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Trump Encourages Iran To Free Missing American, Assails Enrichment

U.S. President Donald Trump gestures as he speaks at a campaign rally in Monroe, November 7, 2019
U.S. President Donald Trump gestures as he speaks at a campaign rally in Monroe, November 7, 2019

U.S. President Donald Trump has welcomed reports from Iran about a possible breakthrough in the case involving the disappearance of a former FBI agent in Iran in 2007.

Trump wrote in a November 11 tweet, "It would be a very positive step" If Iran could " turn over to the U.S. kidnapped former FBI Agent Robert A. Levinson, who has been missing in Iran for 12 years."

An Associated Press report said on November 9 that Iran has told the United Nations for the first time its courts have an open case for Levinson. AP also drew attention to a December 2013 report saying Levinson may have been "on an unauthorized CIA mission" to Iran when he disappeared.

The 2013 AP report said, “Levinson in fact had been on a mission for CIA analysts who had no authority to run spy operations. Levinson's family had received a $2.5 million annuity from the CIA in order to stop a lawsuit revealing details of his work, while the agency forced out three veteran analysts and disciplined seven others."

The U.S. recently increased the reward for information leading to Levinson's safe return from $5 million to $25 million.

On Sunday Iran's Foreign Ministry Spokesman directly acknowledged for the first time that there is a "missing person" case open at the Revolutionary Court in Iran about Levinson. This comes while for 12 years Tehran had been denying Levinson's presence in Iran.

A veteran FBI agent with a good track record of clamping down on transnational crime, Levinson disappeared in Kish Island. He was reportedly investigating a major case of cigarette smuggling in Iran.

An Iranian analyst in the United States, Ali Afshari, wrote in 2013 that Levinson went to Kish after meeting two Iranians in Istanbul without taking precautionary measures or asking for support from the CIA.

According to Afshari, two of the relatives of a former Iranian President and a former commander in Chief of the Islamic Revolution Guards Corps, were allegedly involved in major cases of cigarette smuggling at the time, although he stresses that this cannot be verified independently. He also notes that 30 percent of the cigarettes smoked in Iran are smuggled from other countries.

Afshari characterizes Levinson's trip to Kish Island as a high-risk gamble. He also noted that Levinson had appeared in a documentary film about the Russian Mafia before his disappearance.

Meanwhile, Iranian opposition figure Iraj Mesdaghi wrote in a report that a high-ranking Iranian intelligence officer and a U.S. criminal living in exile in Iran lured Levinson to Kish Island, a free trade zone, where the Iranian government does not require visas from foreign travellers.

However, the Foreign Ministry Spokesman said that Levinson "has no judicial or criminal case in any Islamic Republic court whatsoever." It is however not clear why the case should be open at the Revolutionary Court which usually handles cases such as espionage.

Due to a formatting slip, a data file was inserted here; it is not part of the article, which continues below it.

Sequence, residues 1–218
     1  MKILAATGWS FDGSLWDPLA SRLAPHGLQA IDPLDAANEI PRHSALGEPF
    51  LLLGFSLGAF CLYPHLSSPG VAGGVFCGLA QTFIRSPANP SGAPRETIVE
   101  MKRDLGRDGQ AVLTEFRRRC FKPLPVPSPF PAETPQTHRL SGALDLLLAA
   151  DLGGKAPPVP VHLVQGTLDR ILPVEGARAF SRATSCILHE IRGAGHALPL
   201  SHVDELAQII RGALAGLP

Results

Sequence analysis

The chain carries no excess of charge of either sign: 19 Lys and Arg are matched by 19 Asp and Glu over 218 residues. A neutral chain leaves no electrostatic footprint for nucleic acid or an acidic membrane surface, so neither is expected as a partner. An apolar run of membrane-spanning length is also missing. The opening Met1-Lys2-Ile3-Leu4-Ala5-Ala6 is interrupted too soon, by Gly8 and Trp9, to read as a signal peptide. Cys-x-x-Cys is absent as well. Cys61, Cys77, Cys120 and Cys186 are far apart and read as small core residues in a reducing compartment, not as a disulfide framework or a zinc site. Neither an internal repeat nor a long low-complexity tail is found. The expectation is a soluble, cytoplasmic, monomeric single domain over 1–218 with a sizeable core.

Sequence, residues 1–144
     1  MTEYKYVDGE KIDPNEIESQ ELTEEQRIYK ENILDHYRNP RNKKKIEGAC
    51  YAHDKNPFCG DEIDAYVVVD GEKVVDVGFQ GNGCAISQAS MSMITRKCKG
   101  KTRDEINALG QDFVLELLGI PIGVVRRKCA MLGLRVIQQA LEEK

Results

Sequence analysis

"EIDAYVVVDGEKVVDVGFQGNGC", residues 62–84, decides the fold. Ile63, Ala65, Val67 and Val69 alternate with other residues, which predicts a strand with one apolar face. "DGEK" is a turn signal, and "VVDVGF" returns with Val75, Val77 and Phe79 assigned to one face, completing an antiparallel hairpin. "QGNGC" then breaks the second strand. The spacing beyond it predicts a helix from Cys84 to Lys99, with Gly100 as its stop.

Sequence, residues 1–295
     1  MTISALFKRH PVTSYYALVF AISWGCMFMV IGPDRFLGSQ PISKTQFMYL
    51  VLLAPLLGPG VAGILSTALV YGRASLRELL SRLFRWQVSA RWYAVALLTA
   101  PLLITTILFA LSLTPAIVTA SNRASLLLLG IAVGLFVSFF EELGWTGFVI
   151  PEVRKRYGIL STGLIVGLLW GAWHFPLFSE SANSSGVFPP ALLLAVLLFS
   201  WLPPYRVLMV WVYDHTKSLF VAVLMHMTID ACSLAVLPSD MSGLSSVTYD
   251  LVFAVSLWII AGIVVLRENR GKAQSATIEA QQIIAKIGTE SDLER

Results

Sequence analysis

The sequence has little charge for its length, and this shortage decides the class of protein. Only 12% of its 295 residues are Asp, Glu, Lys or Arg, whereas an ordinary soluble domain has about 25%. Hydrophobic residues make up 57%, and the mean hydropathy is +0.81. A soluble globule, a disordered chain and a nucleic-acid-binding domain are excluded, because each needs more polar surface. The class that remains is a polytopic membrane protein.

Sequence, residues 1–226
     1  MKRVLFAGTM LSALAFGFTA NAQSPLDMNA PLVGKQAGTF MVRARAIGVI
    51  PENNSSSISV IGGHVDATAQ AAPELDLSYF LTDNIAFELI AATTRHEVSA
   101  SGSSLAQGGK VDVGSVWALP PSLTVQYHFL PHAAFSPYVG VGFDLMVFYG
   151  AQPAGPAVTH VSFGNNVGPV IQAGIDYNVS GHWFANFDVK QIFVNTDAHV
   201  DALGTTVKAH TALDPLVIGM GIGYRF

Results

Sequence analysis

He added Iran was only interested in the humanitarian side of Levinson's story. According to the AP, "The U.S. is offering $25 million for information about what happened to Levinson"

The talk about the humanitarian side tipped many journalists to the possibility of a prisoner swap that Iran's Foreign Minister Javad Zarif had mentioned during a visit to New York this summer.

Iran hopes to return Iranian nanotechnologist Massoud Soleimani who has been in jail in the United States since October 2018. Two other Iranian scientists who were in jail in America have already been freed on bail.

Robert Levinson, a former FBI and DEA agent in a rare photo released from his captivity.
Robert Levinson, a former FBI and DEA agent in a rare photo released from his captivity.

A successful prisoner swap may open a new channel of communication between Tehran and Washington to sort out the long-standing issues over Tehran's nuclear and missile programs and its regional ambitions.

The only images of Levinson following his disappearance, or kidnapping as President Trump said, were released in 2010 and 2011. "Iran for years has offered contradictory statements about Levinson. His family is now suing Iran in U.S. federal court, alleging the Iranian government kidnapped him," the AP reported.

A U.S. official, speaking on condition of anonymity said that the United States has reached out to Iran through intermediaries to find out if the statement made by the Foreign Ministry Spokesman represented a change in Iran's stance on the case. However, he said that the U.S. has not received any response yet.

There is a sentence at the end of President Trump's November 11 tweet: "At the same time, upon information & belief, Iran is & has been, enriching uranium. THAT WOULD BE A VERY BAD STEP!" It is not clear yet whether this is linked to the first part of his tweet about Levinson.

If Levinson if freed, this might be a significant development for Trump who is facing domestic challenges in his impeachment case.